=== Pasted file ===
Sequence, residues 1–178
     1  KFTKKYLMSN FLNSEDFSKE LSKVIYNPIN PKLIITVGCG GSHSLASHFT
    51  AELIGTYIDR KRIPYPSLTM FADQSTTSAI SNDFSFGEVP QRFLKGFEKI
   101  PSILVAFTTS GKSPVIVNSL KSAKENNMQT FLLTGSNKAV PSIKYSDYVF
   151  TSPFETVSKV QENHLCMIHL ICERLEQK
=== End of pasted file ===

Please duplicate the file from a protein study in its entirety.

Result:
Sequence, residues 1–178
     1  KFTKKYLMSN FLNSEDFSKE LSKVIYNPIN PKLIITVGCG GSHSLASHFT
    51  AELIGTYIDR KRIPYPSLTM FADQSTTSAI SNDFSFGEVP QRFLKGFEKI
   101  PSILVAFTTS GKSPVIVNSL KSAKENNMQT FLLTGSNKAV PSIKYSDYVF
   151  TSPFETVSKV QENHLCMIHL ICERLEQK